[Rector]

Places in the heart

 

There was a replay of a film on TV recently which I found very profound. I can't remember any particular line, but the point of the film was quite moving. The film was "Places in the Heart" with Sally Field.

I have to say I've seen the movie a few times before and it always moves me. It's set in the deep South of America, probably around the 1970's. The theme is common enough - the struggle to survive with dignity through the rough-and-tumble of life. The plot is predictable. A young white widow and her children, struggle to keep her farm with the aid of a black American friend, following the death of her husband. Racism flares and the friend is murdered. The fates conspire, but the heroine comes through with dignity. Good wins out in the end, despite the weight of circumstance and the hand of evil.

As I say, predictable. In fact, someone said to me they don't watch "deep South" movies. The Negro-bashing formula wears thin. Still, this movie had an interesting touch to it. In scene after scene there was a background-shot of the local Baptist church. The building was quite amazing, standing out from everything around. Actually, it doesn't look like a church. It really takes some time to work out what it is. It serves to promote an "otherness" about the bitter-sweet events of life. It points to something behind the raw events of the unfolding plot.

The church life of the family is certainly not accentuated. This is not a "Christian" movie. Yet, belief in the goodness of God permeates the film, and the final scene is close to profound. It is set in the church. The town is gathered to share in the Lord's Supper. All the players gather to share the bread and the wine. The racists, the thieves, the fools ...... the good and the bad, the rich and the poor, young and old. The camera pans across the congregation as we watch the sharing of the wine. Each member takes the tray with the cups in it, takes their cup and passes the tray to the person next to them. Suddenly you realize everyone is there, even those who have died. The heroine's husband, all her children and her friend, they are all there with her in church.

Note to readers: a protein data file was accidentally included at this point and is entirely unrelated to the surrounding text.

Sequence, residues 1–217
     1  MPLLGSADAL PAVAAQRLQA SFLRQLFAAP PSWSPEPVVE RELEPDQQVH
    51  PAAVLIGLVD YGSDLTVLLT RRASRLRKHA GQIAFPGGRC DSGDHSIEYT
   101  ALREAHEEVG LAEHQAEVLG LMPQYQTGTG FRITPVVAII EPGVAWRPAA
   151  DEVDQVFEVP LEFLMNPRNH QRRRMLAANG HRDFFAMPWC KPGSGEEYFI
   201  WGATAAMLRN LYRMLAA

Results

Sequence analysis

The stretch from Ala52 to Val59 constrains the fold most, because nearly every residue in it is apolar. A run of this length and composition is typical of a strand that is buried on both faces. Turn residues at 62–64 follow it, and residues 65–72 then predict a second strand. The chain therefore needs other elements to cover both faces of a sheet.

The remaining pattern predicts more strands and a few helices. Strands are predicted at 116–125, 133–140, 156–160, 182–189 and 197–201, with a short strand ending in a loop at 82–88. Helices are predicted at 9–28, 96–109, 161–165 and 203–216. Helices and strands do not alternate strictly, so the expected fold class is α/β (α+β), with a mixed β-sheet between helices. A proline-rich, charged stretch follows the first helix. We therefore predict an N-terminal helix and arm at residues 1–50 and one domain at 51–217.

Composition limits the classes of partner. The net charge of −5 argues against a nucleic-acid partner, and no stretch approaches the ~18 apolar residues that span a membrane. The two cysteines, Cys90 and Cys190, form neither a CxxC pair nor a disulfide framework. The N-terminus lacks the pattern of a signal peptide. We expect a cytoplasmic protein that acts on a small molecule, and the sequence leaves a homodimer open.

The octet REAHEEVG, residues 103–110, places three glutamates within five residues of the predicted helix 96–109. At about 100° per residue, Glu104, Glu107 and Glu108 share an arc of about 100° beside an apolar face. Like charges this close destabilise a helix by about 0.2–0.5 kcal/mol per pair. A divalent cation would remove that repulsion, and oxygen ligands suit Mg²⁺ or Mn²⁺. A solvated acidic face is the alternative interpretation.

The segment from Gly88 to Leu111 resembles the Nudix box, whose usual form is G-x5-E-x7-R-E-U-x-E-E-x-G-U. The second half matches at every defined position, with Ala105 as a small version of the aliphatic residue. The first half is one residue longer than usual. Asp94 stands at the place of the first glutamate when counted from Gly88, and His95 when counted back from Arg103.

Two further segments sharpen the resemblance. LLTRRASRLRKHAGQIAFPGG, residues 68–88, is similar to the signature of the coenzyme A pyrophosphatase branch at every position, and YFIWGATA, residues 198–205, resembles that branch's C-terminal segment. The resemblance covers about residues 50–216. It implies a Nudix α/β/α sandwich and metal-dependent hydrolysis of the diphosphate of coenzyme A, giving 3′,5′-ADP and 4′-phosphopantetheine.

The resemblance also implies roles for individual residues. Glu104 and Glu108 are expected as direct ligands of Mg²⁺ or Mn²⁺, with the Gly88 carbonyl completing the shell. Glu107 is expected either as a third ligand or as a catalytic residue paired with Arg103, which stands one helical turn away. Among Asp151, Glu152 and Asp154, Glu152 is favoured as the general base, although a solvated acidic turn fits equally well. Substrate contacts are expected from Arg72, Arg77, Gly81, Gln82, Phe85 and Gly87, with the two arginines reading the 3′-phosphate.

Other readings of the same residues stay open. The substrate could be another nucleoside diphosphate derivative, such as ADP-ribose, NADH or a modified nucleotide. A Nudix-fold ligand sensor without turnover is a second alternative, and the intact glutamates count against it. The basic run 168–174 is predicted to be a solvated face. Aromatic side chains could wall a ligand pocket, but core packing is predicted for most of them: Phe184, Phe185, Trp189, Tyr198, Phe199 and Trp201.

This is the church universal, eternal, gathered with Christ. "And God raised us up with Christ and seated us with him in heavenly realms in Christ Jesus", Eph.2:6. For those in Christ Jesus, their gathering with Christ on Sunday in church, is not just limited to those who attend, but includes their intimate fellowship, deceased or far away. In fact, it includes all saints past and future, and even the heavenly host. We never sit alone.